- Mehmed Şems el-Mille ve'd Din, Sufi holy man who gives an account in a letter
- Tursun Beg, wrote a history entitled Tarih-i Abu'l Fath
- George Sphrantzes, the only Greek eyewitness who wrote about it, but his laconic account is almost entirely lacking in narrative
- Leonard of Chios, wrote a report to Pope Nicholas V
- Nicolò Barbaro, physician on a Venetian galley who kept a journal
- Angelino Giovanni Lomellini, Venetian podestà of Pera who wrote a report dated 24 June 1453
- Jacopo Tetaldi, Florentine merchant
- Isidore of Kiev, Orthodox churchman who wrote eight letters to Italy
- Benvenuto, Anconitan consul in Constantinople
- Ubertino Puscolo, Italian poet learning Greek in the city, wrote an epic poem
- Eparkhos and Diplovatatzes, two refugees whose accounts has become garbled through multiple translations
- Nestor Iskander, youthful eyewitness who wrote a Slavonic account
- Samile the Vladik, bishop who, like Eparkhos and Diplovatatzes, fled as a refugee to Wallachia
- Konstantin Mihailović, Serbian who fought on the Ottoman side
- a report by some Franciscan prisoners of war who later came to Bologna
- Doukas, a Byzantine Greek historian, one of the most important sources for the last decades and eventual fall of the Byzantine Empire to the Ottomans
- Laonikos Chalkokondyles, a Byzantine Greek historian
- Michael Kritoboulos, a Byzantine Greek historian
- Makarios Melissourgos, 16th-century historian who augmented the account of Sphrantzes, not very reliably
- Paolo Dotti, Venetian official on Crete whose account is based on oral reports
- Fra Girolamo's letter from Crete to Domenico Capranica
- Lauro Quirini, wrote a report to Pope Nicholas V from Crete based on oral reports
- Aeneas Silvius Piccolomini (Pope Pius II), wrote an account based on written sources
- Henry of Soemmern, wrote a letter dated 11 September 1453 in which he cites his sources of information
- Niccola della Tuccia, whose Cronaca di Viterbo written in the autumn of 1453 contains unique information
- Niccolò Tignosi da Foligno, Expugnatio Constantinopolitana, part of a letter to a friend
- Filippo da Rimini, Excidium Constantinopolitanae urbis quae quondam Bizantium ferebatur
- Antonio Ivani da Sarzana, Expugnatio Constantinopolitana, part of a letter to the duke of Urbino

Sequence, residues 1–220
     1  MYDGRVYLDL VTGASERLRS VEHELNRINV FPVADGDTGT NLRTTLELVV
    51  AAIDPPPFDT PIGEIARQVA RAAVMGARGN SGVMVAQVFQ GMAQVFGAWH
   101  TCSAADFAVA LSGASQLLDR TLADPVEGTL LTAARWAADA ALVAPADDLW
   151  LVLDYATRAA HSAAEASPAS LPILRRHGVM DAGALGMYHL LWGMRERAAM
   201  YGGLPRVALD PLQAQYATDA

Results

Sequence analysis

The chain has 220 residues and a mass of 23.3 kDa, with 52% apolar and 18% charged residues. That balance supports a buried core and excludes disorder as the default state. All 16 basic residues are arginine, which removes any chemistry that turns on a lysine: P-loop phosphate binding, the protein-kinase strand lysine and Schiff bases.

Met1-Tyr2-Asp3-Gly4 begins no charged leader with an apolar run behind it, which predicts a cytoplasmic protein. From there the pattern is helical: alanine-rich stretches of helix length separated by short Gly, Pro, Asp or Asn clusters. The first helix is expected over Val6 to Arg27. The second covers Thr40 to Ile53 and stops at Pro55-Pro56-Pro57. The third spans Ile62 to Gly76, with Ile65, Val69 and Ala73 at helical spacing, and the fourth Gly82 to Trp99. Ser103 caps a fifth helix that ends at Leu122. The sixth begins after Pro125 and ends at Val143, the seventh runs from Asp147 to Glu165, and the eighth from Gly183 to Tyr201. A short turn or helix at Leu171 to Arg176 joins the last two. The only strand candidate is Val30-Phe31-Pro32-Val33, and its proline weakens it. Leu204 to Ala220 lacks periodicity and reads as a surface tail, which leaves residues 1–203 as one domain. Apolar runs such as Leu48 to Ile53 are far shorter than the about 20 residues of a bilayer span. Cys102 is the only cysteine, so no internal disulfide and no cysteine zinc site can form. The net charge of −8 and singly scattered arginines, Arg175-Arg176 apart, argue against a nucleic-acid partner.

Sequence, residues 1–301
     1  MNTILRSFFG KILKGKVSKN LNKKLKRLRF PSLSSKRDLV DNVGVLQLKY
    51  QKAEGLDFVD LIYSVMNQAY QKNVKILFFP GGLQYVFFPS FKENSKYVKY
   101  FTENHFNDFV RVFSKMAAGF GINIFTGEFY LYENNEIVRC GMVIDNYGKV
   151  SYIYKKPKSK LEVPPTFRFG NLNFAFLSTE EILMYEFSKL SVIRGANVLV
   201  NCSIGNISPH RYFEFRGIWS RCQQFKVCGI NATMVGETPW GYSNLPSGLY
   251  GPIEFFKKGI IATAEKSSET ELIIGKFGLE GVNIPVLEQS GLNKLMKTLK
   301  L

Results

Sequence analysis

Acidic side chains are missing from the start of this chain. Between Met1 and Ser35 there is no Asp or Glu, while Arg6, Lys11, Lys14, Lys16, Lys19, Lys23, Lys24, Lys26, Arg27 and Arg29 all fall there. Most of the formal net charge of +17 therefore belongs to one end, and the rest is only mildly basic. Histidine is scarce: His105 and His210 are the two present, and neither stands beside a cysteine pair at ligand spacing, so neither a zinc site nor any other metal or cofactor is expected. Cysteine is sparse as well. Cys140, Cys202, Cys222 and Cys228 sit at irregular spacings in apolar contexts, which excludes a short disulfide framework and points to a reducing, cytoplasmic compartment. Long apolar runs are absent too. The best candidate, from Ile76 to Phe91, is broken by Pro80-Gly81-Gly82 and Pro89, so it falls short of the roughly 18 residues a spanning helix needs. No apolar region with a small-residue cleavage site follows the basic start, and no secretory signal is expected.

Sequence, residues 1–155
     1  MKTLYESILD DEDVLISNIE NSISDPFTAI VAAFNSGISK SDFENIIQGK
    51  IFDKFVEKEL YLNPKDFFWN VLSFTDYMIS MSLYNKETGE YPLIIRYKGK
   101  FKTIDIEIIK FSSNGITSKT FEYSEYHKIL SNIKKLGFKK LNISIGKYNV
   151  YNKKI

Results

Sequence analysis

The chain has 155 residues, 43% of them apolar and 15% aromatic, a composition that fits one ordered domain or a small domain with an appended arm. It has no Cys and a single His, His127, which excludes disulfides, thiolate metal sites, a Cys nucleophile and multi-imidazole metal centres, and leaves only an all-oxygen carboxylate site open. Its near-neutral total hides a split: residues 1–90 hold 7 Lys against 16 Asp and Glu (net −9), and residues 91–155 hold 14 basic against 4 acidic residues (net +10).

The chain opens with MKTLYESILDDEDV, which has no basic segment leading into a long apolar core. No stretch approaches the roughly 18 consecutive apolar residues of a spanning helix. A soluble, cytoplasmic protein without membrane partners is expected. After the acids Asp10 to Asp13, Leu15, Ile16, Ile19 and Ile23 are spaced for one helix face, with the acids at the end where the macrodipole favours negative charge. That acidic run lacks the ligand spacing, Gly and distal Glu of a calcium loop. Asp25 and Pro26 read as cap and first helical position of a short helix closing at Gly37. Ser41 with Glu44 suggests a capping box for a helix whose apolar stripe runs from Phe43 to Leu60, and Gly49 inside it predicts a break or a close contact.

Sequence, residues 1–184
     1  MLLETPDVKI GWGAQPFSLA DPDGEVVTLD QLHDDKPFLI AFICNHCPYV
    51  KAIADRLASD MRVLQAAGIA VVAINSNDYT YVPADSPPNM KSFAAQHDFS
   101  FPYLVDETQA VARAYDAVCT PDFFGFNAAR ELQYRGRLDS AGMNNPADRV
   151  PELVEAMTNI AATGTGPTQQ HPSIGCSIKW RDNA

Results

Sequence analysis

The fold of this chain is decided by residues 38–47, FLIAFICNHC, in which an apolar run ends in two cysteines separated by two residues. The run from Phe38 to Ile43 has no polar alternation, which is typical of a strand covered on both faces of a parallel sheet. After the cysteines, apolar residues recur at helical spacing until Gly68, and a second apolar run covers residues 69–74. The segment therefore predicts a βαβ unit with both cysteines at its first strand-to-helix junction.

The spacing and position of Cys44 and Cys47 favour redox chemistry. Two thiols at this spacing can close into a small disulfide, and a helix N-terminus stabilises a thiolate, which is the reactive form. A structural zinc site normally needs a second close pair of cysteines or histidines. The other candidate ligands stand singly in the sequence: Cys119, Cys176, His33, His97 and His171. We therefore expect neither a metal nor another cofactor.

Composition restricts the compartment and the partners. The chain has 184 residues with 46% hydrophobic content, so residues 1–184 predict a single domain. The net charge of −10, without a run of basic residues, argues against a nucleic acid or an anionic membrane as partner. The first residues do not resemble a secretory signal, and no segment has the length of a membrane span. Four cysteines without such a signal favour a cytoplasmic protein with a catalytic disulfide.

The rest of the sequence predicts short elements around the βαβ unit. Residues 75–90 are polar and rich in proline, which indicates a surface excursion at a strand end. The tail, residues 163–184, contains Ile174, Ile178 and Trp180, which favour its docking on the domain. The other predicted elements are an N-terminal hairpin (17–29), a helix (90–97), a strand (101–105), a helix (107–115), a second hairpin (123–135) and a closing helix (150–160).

- Nikolaos Sekoundinos, read a report before the Venetian Senate, the Pope and the Neapolitan court
- Giacomo Languschi, whose account is embedded in the Venetian chronicle of Zorzi Dolfin, had access to eyewitnesses
- John Moskhos, wrote a poem in honour of Loukas Notaras
- Adamo di Montaldo, De Constantinopolitano excidio ad nobilissimum iuvenem Melladucam Cicadam, which contains unique information
- Ashikpashazade, included a chapter on the conquest in his Tarih-i al-i Osman
- Neshri, included a chapter on the conquest in his universal history
- Evliya Çelebi, 17th-century traveller who collected local traditions of the conquest
- "Exaggerated" western estimates ranged between 160,000 and 300,000.
- While Mehmed II had been steadily preparing for the siege of Constantinople, he had sent the old general Turakhan and the latter's two sons, Ahmed Beg and Omar Beg, to invade the Morea and to remain there all winter also to prevent the despots Thomas and Demetrius from giving aid to Constantine XI.:146
- According to Sphrantzes, whom Constantine had ordered to make a census, the Emperor was appalled when the number of native men capable of bearing arms turned out to be only 4,983. Leonardo di Chio gave a number of 6,000 Greeks.:85
- The Spanish Cristóbal de Villalón claims there were ' 60,000 Turkish households, 40,000 Greek and Armenian, 10,000 Jewish.:85
- Another expert who was employed by the Ottomans was Ciriaco de' Pizzicolli, also known as Ciriaco of Ancona, a traveler and collector of antiquities.
- These were the three Genoese ships sent by the Pope, joined by a large Imperial transport ship which had been sent on a foraging mission to Sicily previous to the siege and was on its way back to Constantinople.:100
- Runciman speculates that he may have been Scottish:84
- Original text: Τὸ δὲ τὴν πόλιν σοῖ δοῦναι οὔτ' ἐμὸν ἐστίν οὔτ' ἄλλου τῶν κατοικούντων ἐν ταύτῃ• κοινῇ γὰρ γνώμῃ πάντες αὐτοπροαιρέτως ἀποθανοῦμεν καὶ οὐ φεισόμεθα τῆς ζωῆς ἡμῶν.
- Sources hostile towards the Genoese (such as the Venetian Nicolò Barbaro), however, report that Longo was only lightly wounded or not wounded at all, but, overwhelmed by fear, simulated the wound to abandon the battlefield, determining the fall of the city. These charges of cowardice and treason were so widespread that the Republic of Genoa had to deny them by sending diplomatic letters to the Chancelleries of England, France, the Duchy of Burgundy and others.:296–297 Giustiniani was carried to Chios, where he succumbed to his wounds a few days later.
- Barbaro added the description of the emperor's heroic last moments to his diary based on information he received afterward. According to some Ottoman sources Constantine was killed in an accidental encounter with Turkish marines a little further to the south, presumably while making his way to the Sea of Marmara in order to escape by sea.